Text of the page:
The wall of debris-choked water surged through the city, swallowing everything in its path, until it came up against a large stone railway bridge that passed 32 feet above the Conemaugh River. Amazingly, the bridge withstood the heaving mass of debris and water. Many of the flood survivors, some of whom had ridden the crest of the flow, were able to take refuge on the bridge. Unfortunately, overturned oil tanks were ignited by coal embers and set the debris on fire, killing hundreds more in the ensuing inferno. All in all, 2,208 known lives were lost and another 979 were left missing in Johnstown and other towns in the area.
The video below is of a physics-based simulation of the 1889 Johnstown dam break and flood produced by geophysicist Steven Ward (University of California, Santa Cruz). The simulation includes timing, water volumes, flood depths and flow speeds that can be compared with historical reports of the day's events.
For more details about this event and its victims, heroes, and villains, you can do no better than world-renowned historian and author David McCullough’s account of the event (and his first book), The Johnstown Flood (1968).
|Figure 10. A photograph of downtown Johnstown, Pennsylvania following the flood of May 31, 1889. The image is titled “Ruins from Site of the Hulburt House.” This photograph was sold 12 years later as being an image of the devastation to Galveston, Texas, following the hurricane of September 1900 (the hill in the background was erased). It has been widely credited (including by myself!) as being of such. Image credit: NOAA Photo Library.
In a post-mortem study of the event, civil engineers attributed the dam failure to insufficient freeboard and spillway capacity. The depth of the water in the spillway was about 7.5 feet and its discharge capacity only about 4,000 cubic feet per second if the spillway was clear of debris, which it wasn’t on the morning of May 31. They determined that this level of discharge capacity was not capable of withstanding a once in twenty-year rainfall event over the 50 square-mile drainage area above the dam. The disaster led to the adoption of more stringent safety codes for the construction of similar impounding dams.
Another legacy of the disaster was the eventual adoption nationwide of a legal “strict liability” code in criminal and civil law, meaning a person can be held responsible for the consequences of an activity even in the absence of fault or criminal intent. This code was in response to the fact that no survivors were able to recover any damages in court from the South Fork Fishing and Hunting Club nor from its members, as the club was set up as a LLC (limited liability company) that protected the personal assets of the club members.
Perhaps the most significant legacy of the flood came from the relief effort provided by Clara Barton and the American Red Cross, who arrived on the scene just five days after the event and stayed until the following October. Extensive national and international media coverage of the flood’s aftermath focused on the heroic efforts of Barton and her ARC associates, who distributed supplies valued at $211,000 (about $6 million in 2019 dollars) that directly benefited some 25,000 of the area residents. This brought the organization into national prominence, ultimately resulting in the ARC becoming the nation’s premier non-governmental disaster relief agency.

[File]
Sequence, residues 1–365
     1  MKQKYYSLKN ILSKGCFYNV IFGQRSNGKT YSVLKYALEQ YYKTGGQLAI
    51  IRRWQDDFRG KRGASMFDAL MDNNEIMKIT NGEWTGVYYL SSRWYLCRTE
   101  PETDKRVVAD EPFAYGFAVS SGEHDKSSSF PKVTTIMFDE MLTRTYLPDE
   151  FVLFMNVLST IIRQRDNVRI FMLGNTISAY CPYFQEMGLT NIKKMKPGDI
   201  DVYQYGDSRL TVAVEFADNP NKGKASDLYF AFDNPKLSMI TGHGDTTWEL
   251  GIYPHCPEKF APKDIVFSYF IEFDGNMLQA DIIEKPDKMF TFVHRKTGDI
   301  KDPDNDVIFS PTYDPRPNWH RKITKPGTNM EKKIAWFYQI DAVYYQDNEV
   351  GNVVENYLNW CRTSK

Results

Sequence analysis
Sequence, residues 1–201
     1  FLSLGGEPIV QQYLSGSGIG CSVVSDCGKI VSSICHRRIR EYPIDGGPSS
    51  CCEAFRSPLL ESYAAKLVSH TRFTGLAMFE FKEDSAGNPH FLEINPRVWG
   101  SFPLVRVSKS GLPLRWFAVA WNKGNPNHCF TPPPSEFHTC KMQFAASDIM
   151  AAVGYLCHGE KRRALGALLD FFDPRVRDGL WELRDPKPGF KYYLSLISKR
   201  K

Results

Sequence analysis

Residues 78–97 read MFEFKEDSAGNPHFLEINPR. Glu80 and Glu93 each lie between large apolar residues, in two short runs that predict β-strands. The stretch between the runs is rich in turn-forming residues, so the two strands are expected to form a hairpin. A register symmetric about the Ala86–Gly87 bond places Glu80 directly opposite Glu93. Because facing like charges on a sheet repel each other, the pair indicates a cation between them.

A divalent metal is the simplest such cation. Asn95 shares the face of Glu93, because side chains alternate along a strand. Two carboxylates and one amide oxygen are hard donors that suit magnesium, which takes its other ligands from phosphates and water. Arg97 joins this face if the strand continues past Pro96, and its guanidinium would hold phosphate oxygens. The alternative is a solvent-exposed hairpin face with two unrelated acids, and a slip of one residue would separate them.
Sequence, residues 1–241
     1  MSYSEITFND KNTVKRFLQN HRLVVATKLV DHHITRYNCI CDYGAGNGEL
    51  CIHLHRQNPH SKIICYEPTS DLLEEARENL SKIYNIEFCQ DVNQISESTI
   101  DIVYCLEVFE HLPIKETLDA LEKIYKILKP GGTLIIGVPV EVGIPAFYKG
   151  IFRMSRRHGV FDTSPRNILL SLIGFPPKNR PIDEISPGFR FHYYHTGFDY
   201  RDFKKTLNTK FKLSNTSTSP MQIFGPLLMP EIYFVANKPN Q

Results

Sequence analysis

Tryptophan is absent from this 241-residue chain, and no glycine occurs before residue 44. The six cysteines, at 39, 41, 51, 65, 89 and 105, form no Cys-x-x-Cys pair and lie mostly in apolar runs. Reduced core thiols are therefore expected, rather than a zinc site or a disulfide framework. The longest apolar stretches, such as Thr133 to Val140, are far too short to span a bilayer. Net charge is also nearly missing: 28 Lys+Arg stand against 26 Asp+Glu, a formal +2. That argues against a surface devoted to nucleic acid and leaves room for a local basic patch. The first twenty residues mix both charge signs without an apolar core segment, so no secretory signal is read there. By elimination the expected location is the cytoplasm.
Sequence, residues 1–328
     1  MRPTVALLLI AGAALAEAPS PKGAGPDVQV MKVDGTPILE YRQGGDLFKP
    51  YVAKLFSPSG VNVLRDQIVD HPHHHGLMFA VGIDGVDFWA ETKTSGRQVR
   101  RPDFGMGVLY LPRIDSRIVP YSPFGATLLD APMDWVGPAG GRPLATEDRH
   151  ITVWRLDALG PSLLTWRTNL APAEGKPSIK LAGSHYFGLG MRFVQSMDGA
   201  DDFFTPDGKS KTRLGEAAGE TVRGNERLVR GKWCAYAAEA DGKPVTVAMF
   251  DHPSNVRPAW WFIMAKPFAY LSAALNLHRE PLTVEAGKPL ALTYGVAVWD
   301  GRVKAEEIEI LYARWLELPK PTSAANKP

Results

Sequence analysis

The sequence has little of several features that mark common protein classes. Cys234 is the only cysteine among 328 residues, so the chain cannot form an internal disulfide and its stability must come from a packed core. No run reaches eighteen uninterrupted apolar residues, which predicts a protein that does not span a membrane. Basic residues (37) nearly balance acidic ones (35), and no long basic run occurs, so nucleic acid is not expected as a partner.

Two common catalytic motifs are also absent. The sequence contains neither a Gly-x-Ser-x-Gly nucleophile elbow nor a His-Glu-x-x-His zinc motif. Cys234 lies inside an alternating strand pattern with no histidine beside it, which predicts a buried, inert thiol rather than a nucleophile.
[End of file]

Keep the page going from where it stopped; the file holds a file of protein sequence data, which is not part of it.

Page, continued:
Sadly, the 1889 flood would not be Johnstown's last. Snowmelt and heavy rain led to regional flooding on March 17, 1936, that brought floodwaters as high as 14 feet, killing about two dozen people in the Johnstown area and damaging thousands of buildings. Johnstown then experienced another deadly flood on July 19-20, 1977, when localized but intense nighttime thunderstorms dumped close to 12” of rain in the area. Flood control measures implemented after the 1936 flood proved inadequate for this downpour, and six dams failed, sending up to 6’ of water across two-thirds of the city in what was deemed a 500-year flood by the U.S. Army Corps of Engineers. A total of 84 people were killed.
Postscript: What have been the deadliest days in U.S. history?
Below is what the preponderance of current evidence suggests are the deadliest days in U.S. history produced by either a natural or human-caused calamity. (The list does not include pandemics such as the influenza outbreak of 1918, when thousands died every day for months on end.) All round-number totals are estimates. As many as 12,000 people on Galveston Island were killed or injured, as cited by John Edwards Weems, author of A Weekend in September.
Galveston, Texas • September 8, 1900
Sharpsburg, Maryland • September 17, 1862
Battle of Antietam, Civil War
San Francisco • April 16, 1906
Earthquake and fire
New York City, Washington, Pennsylvania • September 11, 2001
Florida • September 17, 1928
Pearl Harbor, Hawaii • December 7, 1941
7. 2,208 (plus 979 reported missing)
Johnstown, Pennsylvania and nearby towns • May 31, 1889.
Flood and dam collapse
It seems that September is a particularly dangerous month for the U.S., partially as a result of that being the peak of the hurricane season.
Christopher C. Burt